Or we can just keep blaming Joyce for making the hard decisions that whoever was the helm would have to make.

Anyone have more info or a more thorough analysis, to answer any if the above questions? Blaming the CEO is fashionable. But in the challenging environment in which Qantas finds itself, just blaming the guy having to make the tough decisions is overly simplistic and disingenuous.
preacher1 2
Let it just suffice to say that the Australian government is undertaking just such an analysis, behind the scenes as we speak, and a full report will be done in about a month. That doesn't mean it will be made public, but it will be done and presented in about a month. It may not be released to the public as it will be very frank and concise and could lead to some embarrassment of some in power, even those that ordered it. It is being done by an American firm well experienced in such matters.
Andrew Young 1
Obviously action from the top down is required. I like the JAL approach when they went bankrupt. Would this be too much to ask?
PhotoFinish 1
The JAL CEO's self-sacrifice had no material impact on the airline's finances.

What the CEO did was not insignificant, but it was merely symbolic, and motivational to get employees to buy into the sacrifices they were contributing to help the eventual survival of their airline.

While I commend what the JAL chief did for the benefit of the airline, it is not necessary. Other CEOs should not be measured against the sacrificial actions of this airline chief.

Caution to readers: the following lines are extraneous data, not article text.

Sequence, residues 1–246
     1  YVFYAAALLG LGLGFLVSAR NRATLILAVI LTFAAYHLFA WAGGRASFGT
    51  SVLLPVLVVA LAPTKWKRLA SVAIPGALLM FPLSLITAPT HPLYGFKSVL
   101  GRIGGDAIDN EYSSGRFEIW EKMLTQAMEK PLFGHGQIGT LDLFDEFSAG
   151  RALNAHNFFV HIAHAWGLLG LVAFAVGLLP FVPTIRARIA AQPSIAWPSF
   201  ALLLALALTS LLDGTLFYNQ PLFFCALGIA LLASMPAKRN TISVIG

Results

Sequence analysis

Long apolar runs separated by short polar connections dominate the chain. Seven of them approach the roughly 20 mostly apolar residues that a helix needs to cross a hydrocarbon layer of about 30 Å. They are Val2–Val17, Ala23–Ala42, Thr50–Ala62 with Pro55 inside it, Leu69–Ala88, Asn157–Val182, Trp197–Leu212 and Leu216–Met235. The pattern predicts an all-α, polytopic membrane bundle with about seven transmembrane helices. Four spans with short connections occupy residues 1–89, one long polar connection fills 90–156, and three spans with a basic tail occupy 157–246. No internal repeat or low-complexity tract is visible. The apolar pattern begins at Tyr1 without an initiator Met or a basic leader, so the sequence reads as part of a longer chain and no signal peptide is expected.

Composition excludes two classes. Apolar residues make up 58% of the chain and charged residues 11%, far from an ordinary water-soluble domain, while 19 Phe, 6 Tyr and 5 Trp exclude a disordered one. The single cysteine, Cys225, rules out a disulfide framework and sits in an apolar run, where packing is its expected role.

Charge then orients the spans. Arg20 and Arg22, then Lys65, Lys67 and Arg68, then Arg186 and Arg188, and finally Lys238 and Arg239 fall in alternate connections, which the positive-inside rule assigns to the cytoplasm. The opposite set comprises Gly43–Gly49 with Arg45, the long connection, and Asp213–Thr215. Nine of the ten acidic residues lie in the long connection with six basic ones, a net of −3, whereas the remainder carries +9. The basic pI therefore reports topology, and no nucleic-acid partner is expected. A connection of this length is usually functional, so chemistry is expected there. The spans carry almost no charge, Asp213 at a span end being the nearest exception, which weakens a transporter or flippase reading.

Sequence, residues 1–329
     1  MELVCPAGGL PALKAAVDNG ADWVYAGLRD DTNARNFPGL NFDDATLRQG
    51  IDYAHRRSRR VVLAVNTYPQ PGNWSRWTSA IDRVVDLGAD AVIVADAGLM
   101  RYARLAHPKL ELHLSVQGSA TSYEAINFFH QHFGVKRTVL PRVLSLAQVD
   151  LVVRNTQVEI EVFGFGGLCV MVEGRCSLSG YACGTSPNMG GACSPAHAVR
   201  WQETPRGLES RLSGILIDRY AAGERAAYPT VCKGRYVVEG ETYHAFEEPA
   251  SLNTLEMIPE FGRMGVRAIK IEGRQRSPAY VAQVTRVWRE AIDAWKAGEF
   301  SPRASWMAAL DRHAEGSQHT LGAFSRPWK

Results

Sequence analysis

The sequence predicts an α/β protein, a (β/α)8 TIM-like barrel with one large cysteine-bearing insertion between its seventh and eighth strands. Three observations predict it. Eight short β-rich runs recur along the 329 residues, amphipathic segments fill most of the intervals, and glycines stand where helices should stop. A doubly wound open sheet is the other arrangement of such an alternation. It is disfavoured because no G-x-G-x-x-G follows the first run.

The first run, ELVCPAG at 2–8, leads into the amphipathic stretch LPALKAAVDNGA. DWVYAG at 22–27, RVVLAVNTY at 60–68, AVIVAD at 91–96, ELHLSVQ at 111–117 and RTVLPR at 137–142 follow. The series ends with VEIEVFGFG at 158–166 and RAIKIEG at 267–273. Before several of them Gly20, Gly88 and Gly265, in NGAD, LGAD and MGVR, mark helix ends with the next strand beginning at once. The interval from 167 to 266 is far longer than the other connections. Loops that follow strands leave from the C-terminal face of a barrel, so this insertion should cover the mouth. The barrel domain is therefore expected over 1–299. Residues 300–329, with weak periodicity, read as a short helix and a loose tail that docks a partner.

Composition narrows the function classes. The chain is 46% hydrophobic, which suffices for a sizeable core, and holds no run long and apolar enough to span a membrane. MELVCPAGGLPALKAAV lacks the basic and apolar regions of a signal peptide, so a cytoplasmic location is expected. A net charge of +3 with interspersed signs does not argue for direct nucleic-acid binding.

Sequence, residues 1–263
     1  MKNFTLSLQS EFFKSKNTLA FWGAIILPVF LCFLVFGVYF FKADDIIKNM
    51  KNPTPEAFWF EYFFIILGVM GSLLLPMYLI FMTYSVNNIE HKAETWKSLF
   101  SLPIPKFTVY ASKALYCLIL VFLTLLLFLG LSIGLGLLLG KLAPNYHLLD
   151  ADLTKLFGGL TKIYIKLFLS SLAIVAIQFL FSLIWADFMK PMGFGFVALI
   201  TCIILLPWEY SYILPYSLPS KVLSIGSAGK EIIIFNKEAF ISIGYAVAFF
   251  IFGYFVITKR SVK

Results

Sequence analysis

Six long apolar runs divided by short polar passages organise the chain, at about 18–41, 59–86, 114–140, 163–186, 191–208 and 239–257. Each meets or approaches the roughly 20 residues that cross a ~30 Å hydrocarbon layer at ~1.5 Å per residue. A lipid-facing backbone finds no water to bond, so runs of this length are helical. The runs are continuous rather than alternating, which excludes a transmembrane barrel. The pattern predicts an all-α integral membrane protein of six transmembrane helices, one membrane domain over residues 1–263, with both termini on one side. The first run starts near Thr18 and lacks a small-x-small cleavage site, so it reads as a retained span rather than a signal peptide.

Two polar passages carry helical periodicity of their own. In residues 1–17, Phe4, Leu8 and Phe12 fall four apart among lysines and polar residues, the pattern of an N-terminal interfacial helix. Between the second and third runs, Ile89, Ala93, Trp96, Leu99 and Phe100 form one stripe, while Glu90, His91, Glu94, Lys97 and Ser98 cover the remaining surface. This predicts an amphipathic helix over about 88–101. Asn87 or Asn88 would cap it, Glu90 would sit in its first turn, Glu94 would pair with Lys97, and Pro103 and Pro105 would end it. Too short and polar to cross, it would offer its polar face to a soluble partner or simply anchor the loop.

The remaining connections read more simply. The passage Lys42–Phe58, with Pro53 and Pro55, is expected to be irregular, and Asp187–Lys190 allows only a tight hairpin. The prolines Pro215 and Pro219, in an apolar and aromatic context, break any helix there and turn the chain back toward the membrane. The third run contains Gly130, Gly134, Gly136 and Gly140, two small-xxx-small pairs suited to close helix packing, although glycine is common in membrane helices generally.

Each CEO should be measured by their individual results as a manager, no matter how they get there.
Zuri Smith 1
Patt Watkins- just because I'm employed by government now doesn't mean that has been the case for the last three decades. From my point of view, THE SINGLE MOST IMPORTANT factor for the travelling public on deciding which airline to fly with should be safety. You would be scared s~£€¥*+s if you saw 1/2 the paperwork that I have seen. I can assure you, despite your obvious bias, you would only travel Qantas in Australia and a few select carriers overseas. My issue is that the left-wing media in Australia do not report any of these near-death events/incidents unless they involve someone they want to cut down ie tall poppy. This has been happening for years and must stop. The lack of disclosure has nothing to do with government but with media not wanting to report an Asian or Arabic airline has (yet again) lost one or more engines in flight etc. time to wake up, mate, otherwise you might not arrive at your destination.
Kem7 1